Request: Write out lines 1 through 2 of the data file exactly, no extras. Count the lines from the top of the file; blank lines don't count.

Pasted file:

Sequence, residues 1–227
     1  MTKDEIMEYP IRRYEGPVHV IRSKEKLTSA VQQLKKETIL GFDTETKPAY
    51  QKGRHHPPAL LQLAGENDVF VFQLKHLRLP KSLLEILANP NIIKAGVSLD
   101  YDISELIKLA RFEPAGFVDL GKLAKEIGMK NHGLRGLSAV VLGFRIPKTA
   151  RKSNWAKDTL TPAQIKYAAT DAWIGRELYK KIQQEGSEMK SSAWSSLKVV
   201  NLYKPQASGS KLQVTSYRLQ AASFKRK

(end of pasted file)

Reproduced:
Sequence, residues 1–227
     1  MTKDEIMEYP IRRYEGPVHV IRSKEKLTSA VQQLKKETIL GFDTETKPAY